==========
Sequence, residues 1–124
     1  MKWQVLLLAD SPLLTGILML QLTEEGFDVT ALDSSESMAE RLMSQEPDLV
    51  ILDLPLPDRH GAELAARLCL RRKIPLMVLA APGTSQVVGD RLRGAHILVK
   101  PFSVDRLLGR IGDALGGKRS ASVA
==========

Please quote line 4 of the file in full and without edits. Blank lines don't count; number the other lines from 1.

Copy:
   101  PFSVDRLLGR IGDALGGKRS ASVA